William Henry Abdullah Quilliam (1856–1932) was arguably the most prominent figure in nineteenth-century Islam in Britain. He declared his conversion publicly in 1887 and then for the next twenty years preached Islam in Liverpool, attracting hundreds of people to convert to Islam. He established the Liverpool Muslim Institute (LMI), centred around Britain’s first attested mosque community. Its novelty was skillfully exploited by Quilliam, both a journalist and lawyer by training, through the production of over 800 weekly issues of The Crescent between 1893 and 1908, which made the LMI known in the East.
Until very recently, scholarship on the LMI has relied heavily on Quilliam’s own publications to account for his life and that of the small Liverpool Muslim community. Yusuf Samih Asmay’s unique account, based on a 33-day research visit to Liverpool for which he deployed observation, interviews and post-visit correspondence, gives invaluable insights into Quilliam’s character but also into the everyday worship and religious practices of the LMI, which reflected significant religious syncretism between Protestant Christianity and Sunni Islam. He also provides eloquent witness to the great success that Quilliam’s propaganda had in the Muslim world and just how far and wide news of the LMI had spread in its heyday.
“His account allows us to eavesdrop upon the great Muslim debates about political and religious revival at the apogee of European colonialism but one conducted right at the margins of the umma, in a fledging micro-community of converts in Victorian Liverpool of all places.”
His account allows us to eavesdrop upon the great Muslim debates about political and religious revival at the apogee of European colonialism but one conducted right at the margins of the umma, in a fledging micro-community of converts in Victorian Liverpool of all places. Yet the success of Quilliam’s propaganda turned this seeming marginality on its head to reimagine Liverpool as an Anglophone nexus for pan-Islamism not just in the Muslim world but uniquely to the Muslim subjects of the British Empire itself, spread by print and steamship through its maritime trading routes.
Who was Yusuf Samih Asmay?
Yusuf Samih (d.1942) was born in Adana in modern-day Turkey. After completing his studies at the Köprülüoğlu Madrasa, Istanbul, he was appointed to an Ottoman-run school in Tanta, Egypt, as a Turkish-language instructor.
Asmay, as a translator and promotor of Ottoman Turkish as a centralising common language for Ottoman subjects, was concerned about Egyptian media being increasingly published in English, French, Italian, Greek or Armenian. Since the only Turkish–Arabic Egyptian newspaper, Vekayi-i Mısriyye, advocating Egyptian autonomy as an Ottoman dominion, had been banned by order of the Khedive (the Viceroy of Egypt), Asmay took the initiative in 1889 to produce a new pro-Ottoman newspaper Mıṣr, written in Turkish.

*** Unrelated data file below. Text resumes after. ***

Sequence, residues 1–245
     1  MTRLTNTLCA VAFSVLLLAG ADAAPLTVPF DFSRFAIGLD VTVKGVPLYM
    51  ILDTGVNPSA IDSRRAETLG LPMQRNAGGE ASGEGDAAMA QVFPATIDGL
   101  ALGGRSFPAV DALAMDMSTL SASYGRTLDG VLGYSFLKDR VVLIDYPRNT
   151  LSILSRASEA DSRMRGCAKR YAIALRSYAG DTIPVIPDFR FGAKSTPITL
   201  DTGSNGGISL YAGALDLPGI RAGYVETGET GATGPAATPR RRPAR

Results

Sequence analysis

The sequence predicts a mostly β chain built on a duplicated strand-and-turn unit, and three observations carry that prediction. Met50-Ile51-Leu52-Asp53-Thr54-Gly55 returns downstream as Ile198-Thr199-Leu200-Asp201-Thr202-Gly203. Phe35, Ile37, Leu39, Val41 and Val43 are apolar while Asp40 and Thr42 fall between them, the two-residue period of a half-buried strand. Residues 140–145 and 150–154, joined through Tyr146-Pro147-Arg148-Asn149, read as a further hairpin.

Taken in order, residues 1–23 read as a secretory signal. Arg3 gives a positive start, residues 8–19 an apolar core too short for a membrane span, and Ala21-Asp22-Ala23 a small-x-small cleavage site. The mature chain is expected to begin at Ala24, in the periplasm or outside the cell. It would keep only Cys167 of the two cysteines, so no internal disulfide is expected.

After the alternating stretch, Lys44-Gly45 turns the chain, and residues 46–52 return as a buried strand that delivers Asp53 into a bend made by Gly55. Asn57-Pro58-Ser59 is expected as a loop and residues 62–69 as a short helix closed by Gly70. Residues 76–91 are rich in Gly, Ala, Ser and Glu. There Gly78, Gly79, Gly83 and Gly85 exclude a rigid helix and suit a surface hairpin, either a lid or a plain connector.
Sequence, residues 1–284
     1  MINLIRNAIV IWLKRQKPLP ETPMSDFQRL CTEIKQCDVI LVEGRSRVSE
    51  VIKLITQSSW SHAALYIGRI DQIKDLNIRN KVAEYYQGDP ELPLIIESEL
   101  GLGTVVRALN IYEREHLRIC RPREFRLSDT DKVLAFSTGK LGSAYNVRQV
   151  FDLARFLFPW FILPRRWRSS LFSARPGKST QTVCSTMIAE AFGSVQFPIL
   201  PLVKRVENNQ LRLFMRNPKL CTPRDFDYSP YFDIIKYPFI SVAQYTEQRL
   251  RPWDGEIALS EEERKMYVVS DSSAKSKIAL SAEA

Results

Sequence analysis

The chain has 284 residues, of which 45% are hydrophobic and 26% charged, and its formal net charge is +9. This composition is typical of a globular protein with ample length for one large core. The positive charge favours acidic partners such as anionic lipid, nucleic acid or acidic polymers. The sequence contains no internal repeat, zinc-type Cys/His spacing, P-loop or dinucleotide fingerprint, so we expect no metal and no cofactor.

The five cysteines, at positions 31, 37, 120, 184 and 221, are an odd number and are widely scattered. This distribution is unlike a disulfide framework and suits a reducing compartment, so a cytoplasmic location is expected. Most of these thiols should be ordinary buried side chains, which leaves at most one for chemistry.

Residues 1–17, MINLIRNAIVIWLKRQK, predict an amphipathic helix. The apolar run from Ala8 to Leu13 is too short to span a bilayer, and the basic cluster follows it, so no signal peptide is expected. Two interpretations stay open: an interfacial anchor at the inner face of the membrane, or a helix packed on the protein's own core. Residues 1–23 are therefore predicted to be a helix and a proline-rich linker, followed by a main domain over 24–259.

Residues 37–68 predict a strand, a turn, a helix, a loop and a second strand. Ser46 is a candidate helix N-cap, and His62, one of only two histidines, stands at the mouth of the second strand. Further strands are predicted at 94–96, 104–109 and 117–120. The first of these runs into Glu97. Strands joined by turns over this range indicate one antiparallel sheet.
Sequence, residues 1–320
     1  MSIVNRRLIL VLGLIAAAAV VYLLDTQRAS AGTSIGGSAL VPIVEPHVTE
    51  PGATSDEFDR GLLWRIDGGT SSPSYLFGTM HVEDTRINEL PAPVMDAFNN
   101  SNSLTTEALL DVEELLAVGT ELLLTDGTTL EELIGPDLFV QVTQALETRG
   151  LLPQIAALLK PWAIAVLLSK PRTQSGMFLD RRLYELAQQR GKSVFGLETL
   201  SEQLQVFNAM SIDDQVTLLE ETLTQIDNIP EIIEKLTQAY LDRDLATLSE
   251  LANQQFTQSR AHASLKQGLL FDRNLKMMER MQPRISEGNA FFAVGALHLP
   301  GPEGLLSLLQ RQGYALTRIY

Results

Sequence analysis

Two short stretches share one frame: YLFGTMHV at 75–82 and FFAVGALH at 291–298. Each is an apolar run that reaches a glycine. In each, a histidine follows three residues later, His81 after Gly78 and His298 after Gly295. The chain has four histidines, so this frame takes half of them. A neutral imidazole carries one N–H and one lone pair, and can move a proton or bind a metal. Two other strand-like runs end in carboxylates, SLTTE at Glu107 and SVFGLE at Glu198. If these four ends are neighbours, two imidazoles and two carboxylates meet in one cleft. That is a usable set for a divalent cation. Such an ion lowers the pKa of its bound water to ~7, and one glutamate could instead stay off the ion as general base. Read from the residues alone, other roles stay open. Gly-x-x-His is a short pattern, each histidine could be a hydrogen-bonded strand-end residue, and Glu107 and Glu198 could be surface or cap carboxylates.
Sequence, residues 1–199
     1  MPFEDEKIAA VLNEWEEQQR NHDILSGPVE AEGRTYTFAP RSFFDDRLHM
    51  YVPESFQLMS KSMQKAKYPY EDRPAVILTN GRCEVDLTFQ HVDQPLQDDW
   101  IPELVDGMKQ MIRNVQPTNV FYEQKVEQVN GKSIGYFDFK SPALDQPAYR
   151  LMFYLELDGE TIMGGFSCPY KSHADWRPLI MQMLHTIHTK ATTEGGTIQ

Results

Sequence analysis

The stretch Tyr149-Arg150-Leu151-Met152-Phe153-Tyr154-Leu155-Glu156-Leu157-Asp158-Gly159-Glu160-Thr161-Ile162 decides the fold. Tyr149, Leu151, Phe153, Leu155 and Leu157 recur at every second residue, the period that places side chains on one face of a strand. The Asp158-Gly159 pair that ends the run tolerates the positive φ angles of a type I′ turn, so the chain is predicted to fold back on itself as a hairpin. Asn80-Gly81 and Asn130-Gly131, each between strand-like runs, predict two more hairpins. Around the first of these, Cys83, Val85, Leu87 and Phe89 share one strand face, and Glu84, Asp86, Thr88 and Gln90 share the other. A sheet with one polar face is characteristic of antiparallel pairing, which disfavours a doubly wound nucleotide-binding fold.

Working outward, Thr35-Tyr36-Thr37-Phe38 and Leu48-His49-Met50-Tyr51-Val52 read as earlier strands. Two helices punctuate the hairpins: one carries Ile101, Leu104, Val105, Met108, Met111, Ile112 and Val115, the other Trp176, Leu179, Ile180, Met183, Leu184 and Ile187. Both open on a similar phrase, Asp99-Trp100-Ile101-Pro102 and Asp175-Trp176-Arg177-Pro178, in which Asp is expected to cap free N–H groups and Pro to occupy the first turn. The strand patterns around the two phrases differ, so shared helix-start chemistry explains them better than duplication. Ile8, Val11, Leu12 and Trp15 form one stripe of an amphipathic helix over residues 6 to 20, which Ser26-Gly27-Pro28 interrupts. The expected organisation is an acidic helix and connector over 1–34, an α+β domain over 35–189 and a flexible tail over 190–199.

Besides journalism and language teaching, Asmay was a keen travel writer, visiting England three times between 1891 and 1895. Reports of his first journey were published in installments under the name Seyâhat-ı Asmay (Asmay’s Travels), before being published in book form in 1892. His travelogue stands out for the severity of his criticisms of the British. For this Ottoman resident of British-ruled Egypt, Britons were hypocritical, conceited and harboured a deeply rooted aversion to Islam. He also discusses various British misrepresentations of Turkey, the Ottoman Empire, and the Islamic faith. During a heated discussion, Asmay blames folkloric Sufism (literally, “dervishness”, dervîşlik) and its “antics” (maskaralığı), and asserts that the reason Muslims have fallen behind the Europeans is the neglect and marginalisation of Sunni orthodoxy in their own societies. A recurring literary technique of the time was for the Ottoman visitor to feign surprise and bewilderment upon encountering Western societies and mores, a playful clash of cultures intended to arouse the reader’s interest.
“The text we have translated and annotated in English is Asmay’s second travelogue, Liverpool Müslümanlığı, published in Cairo, of which a copy survives in Ankara University. Unlike his 1891 journey to England, Asmay returned in 1895 with the stated purpose of visiting the LMI led by Abdullah Quilliam.”
The text we have translated and annotated in English is Asmay’s second travelogue, Liverpool Müslümanlığı, published in Cairo, of which a copy survives in Ankara University. Unlike his 1891 journey to England, Asmay returned in 1895 with the stated purpose of visiting the LMI led by Abdullah Quilliam. This Liverpool sojourn was published in installments in a short-lived Egyptian pro-Young Turk periodical, Basîr al-Sharq, run by a certain Rashid Bey. It was then published in book form in 1895‒6 (1313AH) and went through at least two impressions.